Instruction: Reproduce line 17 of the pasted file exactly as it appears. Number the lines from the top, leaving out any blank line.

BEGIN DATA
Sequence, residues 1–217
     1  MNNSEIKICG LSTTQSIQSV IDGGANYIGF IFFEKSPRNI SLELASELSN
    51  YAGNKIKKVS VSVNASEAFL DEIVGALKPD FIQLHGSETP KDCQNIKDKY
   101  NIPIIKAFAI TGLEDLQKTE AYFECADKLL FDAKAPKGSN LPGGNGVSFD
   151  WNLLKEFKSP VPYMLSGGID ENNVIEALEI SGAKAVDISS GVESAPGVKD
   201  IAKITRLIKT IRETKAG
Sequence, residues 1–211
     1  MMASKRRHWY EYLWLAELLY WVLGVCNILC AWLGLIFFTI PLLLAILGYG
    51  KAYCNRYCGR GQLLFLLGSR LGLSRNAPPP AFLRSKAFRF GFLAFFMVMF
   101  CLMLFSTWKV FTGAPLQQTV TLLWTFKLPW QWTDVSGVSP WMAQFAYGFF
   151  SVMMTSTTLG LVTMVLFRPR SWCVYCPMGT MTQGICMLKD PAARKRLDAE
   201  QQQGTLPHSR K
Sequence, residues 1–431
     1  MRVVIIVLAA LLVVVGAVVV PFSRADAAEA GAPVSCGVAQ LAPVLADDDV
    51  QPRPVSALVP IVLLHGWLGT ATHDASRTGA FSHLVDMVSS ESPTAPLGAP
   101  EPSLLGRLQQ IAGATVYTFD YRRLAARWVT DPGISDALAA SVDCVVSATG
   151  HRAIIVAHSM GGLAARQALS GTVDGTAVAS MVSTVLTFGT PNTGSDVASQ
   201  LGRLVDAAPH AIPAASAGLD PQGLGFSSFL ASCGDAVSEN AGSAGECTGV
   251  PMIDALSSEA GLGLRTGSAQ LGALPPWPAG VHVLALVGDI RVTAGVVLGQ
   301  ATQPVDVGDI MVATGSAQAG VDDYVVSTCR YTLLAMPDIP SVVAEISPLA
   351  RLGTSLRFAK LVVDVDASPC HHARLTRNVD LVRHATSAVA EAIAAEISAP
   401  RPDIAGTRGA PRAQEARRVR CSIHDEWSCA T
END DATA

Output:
   151  HRAIIVAHSM GGLAARQALS GTVDGTAVAS MVSTVLTFGT PNTGSDVASQ